“We also found out that we could be more market sensitive in terms of what we could recover from the log,” he says.

With log processing in the yard, Ewashko says that they can be more selective in how they pick logs slated for processing from the decks, thereby maximizing lumber production by sending the right log profile through the saw line in response to market demand in a timely manner.

“The opportunity I see here is getting the right piece to the mill at the right time,” says Ewashko. “That flexibility we find is huge in our production.”

Also, this in-yard processing method provides them with the opportunity to produce more chips and hog fuel from collected defective and waste pieces. There is very little waste left in the yard.

Alberta sawmill Northland Forest ProductsNorthland Forest Products mounted their newest TK 500 KTI TreeKing processor on a Volvo 250 EL carrier. The sawmill says that they get good performance and longevity from all of their Volvo products, and they use all Volvo wheel loaders in their yard.

The only exception is jackpine, which typically has greater stem variation and issues like rot, which makes processing those logs in the cutblock a better option. However, when Northland Forest Products encounters a quality stand, they also ship them tree length to the yard.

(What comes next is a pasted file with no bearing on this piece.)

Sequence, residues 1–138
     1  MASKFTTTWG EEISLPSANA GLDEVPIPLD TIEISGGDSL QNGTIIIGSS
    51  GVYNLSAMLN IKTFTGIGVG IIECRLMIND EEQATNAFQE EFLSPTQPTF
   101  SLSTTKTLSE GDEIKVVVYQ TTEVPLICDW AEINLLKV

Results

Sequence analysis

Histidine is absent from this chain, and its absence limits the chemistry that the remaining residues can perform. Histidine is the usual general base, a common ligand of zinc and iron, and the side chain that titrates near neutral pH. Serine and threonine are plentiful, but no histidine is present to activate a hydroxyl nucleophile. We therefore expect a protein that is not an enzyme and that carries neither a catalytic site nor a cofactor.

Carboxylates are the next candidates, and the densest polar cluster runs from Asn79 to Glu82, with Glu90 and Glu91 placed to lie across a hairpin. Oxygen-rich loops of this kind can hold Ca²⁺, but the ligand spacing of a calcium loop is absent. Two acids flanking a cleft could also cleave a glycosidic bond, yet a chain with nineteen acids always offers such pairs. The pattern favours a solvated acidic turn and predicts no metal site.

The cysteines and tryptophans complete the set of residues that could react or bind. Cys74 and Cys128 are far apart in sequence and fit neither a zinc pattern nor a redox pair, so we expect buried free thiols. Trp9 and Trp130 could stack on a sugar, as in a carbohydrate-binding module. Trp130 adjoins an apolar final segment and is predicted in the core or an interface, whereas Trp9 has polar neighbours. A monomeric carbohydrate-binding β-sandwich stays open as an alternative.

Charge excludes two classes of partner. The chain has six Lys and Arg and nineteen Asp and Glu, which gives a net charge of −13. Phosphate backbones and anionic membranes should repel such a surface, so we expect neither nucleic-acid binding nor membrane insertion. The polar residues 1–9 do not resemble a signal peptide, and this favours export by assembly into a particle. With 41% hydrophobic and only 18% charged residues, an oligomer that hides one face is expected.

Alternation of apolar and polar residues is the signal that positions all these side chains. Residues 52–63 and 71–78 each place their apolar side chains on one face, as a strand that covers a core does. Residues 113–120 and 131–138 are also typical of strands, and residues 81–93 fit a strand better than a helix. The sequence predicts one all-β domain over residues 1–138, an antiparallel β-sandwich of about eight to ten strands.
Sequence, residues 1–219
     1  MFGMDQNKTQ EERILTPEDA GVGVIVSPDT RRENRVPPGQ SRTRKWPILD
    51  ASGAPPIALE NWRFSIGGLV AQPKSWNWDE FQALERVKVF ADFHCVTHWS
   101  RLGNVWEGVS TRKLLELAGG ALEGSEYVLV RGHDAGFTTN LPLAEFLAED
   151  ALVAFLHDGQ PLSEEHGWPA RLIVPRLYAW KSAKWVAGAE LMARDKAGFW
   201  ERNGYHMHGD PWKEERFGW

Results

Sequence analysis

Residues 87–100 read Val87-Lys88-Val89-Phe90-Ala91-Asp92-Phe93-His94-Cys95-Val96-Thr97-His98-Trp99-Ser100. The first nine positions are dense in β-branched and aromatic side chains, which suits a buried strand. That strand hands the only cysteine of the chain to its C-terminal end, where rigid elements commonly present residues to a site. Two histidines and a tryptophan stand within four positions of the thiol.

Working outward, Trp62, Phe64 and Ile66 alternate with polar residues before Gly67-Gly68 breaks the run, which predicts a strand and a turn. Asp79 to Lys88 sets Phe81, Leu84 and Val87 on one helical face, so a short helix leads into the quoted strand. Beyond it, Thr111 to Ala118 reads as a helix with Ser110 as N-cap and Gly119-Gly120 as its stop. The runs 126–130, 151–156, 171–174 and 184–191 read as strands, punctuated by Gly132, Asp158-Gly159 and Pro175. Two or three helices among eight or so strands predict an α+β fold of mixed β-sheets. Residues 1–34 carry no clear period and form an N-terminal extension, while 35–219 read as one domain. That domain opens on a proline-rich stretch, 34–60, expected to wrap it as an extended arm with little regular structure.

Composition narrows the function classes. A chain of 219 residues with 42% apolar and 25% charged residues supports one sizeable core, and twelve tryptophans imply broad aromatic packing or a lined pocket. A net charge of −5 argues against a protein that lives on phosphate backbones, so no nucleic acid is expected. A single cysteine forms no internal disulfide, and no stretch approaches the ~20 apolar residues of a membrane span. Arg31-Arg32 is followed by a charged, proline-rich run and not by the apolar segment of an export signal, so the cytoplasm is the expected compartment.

The company took its time when contemplating this processing adjustment, experimenting with it for three years and essentially using a traditional, single tree processor to supplement processed logs delivered from the cutblock, to weigh the pros and cons of yard processing. At the same time, they began evaluating other processing options like the KTI TreeKing, starting with a lease-to-purchase program on one head.

As the situation currently stands, Ewashko says as far as they are concerned, this processing method will be a permanent part of their operation, and if the numbers continue to be favorable, they might even consider adding more processing capability using this method down the road.

KTI TreeKing processors are manufactured under license by Kaymor Machining and Welding in Clairmont, Alberta. Depending on stem diameter, the company claims that with its large grab arms, its processors can multi-stem as many as eight trees at once without the use of rollers tied to a measuring system.

The TK 565 TreeKing model at Northland Forest Products is mounted on a John Deere 2054 carrier and the TK 500 model is on a Volvo 250 EL carrier. It was purchased from the local Strongco dealership.